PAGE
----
|High School:||Granite Bay|
AT COLORADO: 2009 (Sr.)—He played in all 12 games (no starts), with 13 receptions for 154 yards on the year; his 11.8 yards per catch tied for the second best on the team. Three of those 13 catches went for touchdowns (Toledo, Texas and the game-winner against Texas A&M, that one for 22 yards from Tyler Hansen where he made as spectacular one-handed catch). He had six receptions of 10 yards or longer, seven for first downs (three on third downs, including a 25-yard grab for his score at Texas). His top game for catches and yards came at West Virginia, when he had four for 57 yards. The coaches honored him with the Gold Group Commitment Award, given to those players committed to all-around excellence. He had another solid spring, catching five balls for 144 yards (28.8 per) and two touchdowns, one of which covered 70 yards.
2008 (Jr.)—He saw action in all 12 games, which included his first career start (against West Virginia). He caught 14 passes for 116 yards (8.3 per) and two touchdowns on the season. He caught four passes for 27 yards in the opener against CSU, his highs for the year in both categories, and his scores came against WVU (13 yards) and Florida State (14 yards). He also had five knockdown blocks on special teams duty to help spring return men. He was atop the depth chart heading into the fall coming off an outstanding spring when he led the team in the three main scrimmages with 12 receptions for 244 yards (20.3 per) and three touchdowns. He was the Iron Buffalo Award winner among the tight ends for hard work, dedication, toughness and total poundage for spring strength and conditioning.
2007 (Soph.)—He saw action in six games on the season and made his first career reception, which was for a 3-yard touchdown against Miami-Ohio. He caught it from Cody Hawkins and it gave CU a 28-0 lead in the second quarter over the Redhawks. He also recovered an on-side kick against Nebraska on special teams duty. He dressed but did not play in the Independence Bowl.
2006 (Fr.-RS)—He did not see any game action, but dressed for all 12 games. When the quarterback position became depleted due to injury and transition, he was moved back to the spot from tight end, where he had moved to prior to spring practices. He had settled in well at tight end, but with CU down to just one active signal caller, he would end the year number two on the depth chart. He had added 15 pounds to his frame to play tight end, and didn’t shed much of it after the move but still was up to the task in practice.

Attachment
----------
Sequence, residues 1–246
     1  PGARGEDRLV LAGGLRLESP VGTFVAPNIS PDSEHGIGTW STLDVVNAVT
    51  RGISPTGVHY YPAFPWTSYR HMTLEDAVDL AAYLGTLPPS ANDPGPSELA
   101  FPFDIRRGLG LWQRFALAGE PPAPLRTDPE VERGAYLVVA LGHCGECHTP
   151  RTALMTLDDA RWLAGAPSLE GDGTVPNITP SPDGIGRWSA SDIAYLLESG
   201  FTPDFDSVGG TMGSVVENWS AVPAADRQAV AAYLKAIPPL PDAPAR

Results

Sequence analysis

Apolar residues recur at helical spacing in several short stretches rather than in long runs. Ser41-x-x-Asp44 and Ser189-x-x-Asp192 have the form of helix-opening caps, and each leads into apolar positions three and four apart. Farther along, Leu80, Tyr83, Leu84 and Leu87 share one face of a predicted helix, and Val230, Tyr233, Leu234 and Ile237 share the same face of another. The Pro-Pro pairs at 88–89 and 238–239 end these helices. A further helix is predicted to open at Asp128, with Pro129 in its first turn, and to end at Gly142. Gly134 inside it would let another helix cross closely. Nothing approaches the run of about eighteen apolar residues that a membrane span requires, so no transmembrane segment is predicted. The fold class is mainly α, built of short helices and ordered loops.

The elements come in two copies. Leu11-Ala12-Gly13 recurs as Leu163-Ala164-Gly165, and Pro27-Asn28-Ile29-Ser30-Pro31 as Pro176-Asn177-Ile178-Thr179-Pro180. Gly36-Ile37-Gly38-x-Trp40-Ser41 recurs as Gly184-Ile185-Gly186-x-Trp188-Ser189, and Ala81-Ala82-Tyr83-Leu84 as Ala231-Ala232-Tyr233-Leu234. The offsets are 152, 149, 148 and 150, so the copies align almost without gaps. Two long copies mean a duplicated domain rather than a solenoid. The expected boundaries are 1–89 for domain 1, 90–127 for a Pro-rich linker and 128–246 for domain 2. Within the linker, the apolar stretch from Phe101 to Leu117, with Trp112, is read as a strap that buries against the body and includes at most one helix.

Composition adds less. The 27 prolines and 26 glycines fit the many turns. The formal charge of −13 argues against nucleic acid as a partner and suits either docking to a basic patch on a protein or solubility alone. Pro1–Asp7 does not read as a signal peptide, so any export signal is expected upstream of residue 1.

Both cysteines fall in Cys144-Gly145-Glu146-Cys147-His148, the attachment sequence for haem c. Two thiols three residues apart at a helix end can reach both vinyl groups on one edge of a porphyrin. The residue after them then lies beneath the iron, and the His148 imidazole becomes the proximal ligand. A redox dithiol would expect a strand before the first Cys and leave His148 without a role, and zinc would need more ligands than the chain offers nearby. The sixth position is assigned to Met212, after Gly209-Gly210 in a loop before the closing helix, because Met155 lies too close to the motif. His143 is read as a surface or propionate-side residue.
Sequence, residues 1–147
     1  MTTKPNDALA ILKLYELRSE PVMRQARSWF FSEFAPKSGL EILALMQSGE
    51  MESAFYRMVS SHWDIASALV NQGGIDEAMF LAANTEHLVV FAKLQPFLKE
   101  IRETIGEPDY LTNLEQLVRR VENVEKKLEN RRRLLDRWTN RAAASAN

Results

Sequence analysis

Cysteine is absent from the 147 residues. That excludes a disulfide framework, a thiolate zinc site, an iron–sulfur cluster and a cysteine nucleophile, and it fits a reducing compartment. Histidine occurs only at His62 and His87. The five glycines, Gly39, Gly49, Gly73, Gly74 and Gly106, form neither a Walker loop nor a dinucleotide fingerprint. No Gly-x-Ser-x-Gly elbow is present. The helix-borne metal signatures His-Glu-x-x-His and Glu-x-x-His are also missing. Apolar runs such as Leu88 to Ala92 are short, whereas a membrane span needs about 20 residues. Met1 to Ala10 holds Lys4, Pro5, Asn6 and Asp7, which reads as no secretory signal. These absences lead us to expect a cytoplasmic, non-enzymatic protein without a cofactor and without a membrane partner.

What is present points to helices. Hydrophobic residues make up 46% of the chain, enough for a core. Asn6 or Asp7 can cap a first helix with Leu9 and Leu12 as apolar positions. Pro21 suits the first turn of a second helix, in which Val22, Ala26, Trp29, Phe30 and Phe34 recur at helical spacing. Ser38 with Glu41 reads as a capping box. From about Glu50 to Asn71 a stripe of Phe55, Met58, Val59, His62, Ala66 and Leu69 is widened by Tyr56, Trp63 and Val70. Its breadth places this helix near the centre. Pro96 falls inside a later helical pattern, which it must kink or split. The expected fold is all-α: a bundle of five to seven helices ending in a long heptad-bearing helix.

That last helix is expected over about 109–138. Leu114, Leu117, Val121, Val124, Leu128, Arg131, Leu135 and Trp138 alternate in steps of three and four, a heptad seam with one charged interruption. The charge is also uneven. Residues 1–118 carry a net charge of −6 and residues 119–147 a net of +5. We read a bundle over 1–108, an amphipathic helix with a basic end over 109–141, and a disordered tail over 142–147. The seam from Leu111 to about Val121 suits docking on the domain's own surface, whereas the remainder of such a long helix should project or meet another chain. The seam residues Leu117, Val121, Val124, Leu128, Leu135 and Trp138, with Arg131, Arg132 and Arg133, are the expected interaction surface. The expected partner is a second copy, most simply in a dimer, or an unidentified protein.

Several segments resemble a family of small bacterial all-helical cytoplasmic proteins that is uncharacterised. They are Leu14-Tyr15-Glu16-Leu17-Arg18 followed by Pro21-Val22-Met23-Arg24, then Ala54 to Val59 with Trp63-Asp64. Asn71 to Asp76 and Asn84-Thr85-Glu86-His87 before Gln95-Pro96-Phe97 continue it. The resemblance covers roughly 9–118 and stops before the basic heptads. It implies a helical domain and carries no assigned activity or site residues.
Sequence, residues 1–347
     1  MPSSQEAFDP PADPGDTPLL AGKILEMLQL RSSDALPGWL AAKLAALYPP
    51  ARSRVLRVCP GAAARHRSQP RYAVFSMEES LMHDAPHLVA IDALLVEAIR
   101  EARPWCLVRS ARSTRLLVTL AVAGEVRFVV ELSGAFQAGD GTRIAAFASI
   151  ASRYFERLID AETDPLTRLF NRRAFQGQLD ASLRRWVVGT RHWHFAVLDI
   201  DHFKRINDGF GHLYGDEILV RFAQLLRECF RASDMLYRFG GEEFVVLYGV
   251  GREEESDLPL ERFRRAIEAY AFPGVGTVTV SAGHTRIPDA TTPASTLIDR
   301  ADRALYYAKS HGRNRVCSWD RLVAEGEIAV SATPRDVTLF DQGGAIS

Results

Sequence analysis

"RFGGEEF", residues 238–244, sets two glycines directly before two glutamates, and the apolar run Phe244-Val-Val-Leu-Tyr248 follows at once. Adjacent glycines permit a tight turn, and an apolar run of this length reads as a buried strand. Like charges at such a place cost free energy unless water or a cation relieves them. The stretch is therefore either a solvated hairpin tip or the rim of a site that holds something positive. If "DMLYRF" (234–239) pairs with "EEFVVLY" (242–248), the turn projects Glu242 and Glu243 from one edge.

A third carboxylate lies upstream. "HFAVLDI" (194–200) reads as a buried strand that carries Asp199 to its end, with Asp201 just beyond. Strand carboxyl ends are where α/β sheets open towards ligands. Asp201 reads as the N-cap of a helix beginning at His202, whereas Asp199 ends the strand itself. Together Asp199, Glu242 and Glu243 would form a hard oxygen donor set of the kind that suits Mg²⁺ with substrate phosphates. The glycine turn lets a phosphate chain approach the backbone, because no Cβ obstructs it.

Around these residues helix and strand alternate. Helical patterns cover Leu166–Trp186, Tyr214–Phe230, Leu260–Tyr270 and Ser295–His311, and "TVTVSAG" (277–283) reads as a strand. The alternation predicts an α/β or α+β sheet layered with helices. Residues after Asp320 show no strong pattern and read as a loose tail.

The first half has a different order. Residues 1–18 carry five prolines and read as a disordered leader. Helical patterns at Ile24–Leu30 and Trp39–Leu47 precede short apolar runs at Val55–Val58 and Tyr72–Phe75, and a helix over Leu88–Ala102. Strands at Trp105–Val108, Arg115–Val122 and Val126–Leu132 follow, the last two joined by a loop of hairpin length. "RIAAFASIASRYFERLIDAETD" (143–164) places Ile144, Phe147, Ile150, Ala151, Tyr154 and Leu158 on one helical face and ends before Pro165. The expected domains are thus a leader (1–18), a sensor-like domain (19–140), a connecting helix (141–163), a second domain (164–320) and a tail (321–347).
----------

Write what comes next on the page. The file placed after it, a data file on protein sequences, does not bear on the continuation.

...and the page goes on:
2005 (Fr.)—Redshirted; he practiced the entire fall at quarterback. He was the Scout Team Offense Award winner for the Kansas game.
HIGH SCHOOL—As a senior, SuperPrep named him to its All-Far West squad (ranked as the No. 88 overall player in California), while Rivals.com tabbed him the No. 14 quarterback in the state and named him a postseason honorable mention all-state performer. A captain, who garnered his team’s MVP honor, he was a first-team All-Metro League selection and also earned supreme all-area and all-city accolades. He was also the all-area MVP and Metro League Offensive MVP, en route to earning second-team all-section quarterback honors. Playing in the Sierra Foothills League his junior season, he earned all-area quarterback notice, was a first-team all-league honoree and was named his team’s most improved player. As a senior he set nine school records, including the most passing yards (267) and completions (17) in a game, the most completions (127) and attempts (212) in a season, and the most completions (222), attempts (381), yards (3,706), total yards (4,048) and touchdowns passes (43) in a career. He completed 127-of-212 passes (60 percent) for 2,004 yards and 23 touchdowns his senior year, when he also rushed 73 times for 216 yards and five scores. As a junior he was 95-for-169 (56 percent) for 1,702 yards and 20 touchdowns, also gaining 124 yards with three touchdowns on the ground (including an 80-yard TD scamper). His top prep games include a 47-0 victory over Yuba City his senior year when he was 9-of-12 for 230 yards and three scores; in a 17-14 loss to Sonora, he was 16-of-20 for 225 yards and one touchdown; and against Vacaville in a 37-37 tie, he posted 230 yards and four touchdowns going 9-of-12, and also ran for 32 yards on five carries. Under coach Ernie Cooper, Granite Bay was the league champion his senior (10-2-1 record) and junior (9-3) seasons, falling in the section semifinals each year. He lettered once in track (sprints), running the 100 (11.3 prep best) and the 200 (24.0), and also played basketball.
ACADEMICS—He majored in Business (Marketing) at Colorado, graduating in December 2009. He earned first-team Academic All-Big 12 team honors as a senior in 2009, and was a second-team member as a junior. He owned a 3.75 cumulative grade point average in high school (he was one of seven football players on his team to carry a 4.0 GPA for two consecutive semesters during the 2004 season). His junior year, he won the Co-Curricular Scholar Award for being a student-athlete with a 3.75 GPA or higher during the football season.
PERSONAL—Born March 19, 1987 in San Jose, Calif. Hobbies include snowboarding, wakeboarding, playing video games and lifting weights. He was one of 14 athletes in his high school’s history to join the Thousand Pound Club, which is an elite group of lifters who boast at least a combined 1,000 pounds in the three major exercises. His father, Patrick Sr., played defensive end at UTEP in the early 1970s. (Last name is pronounced duh-vain-E.)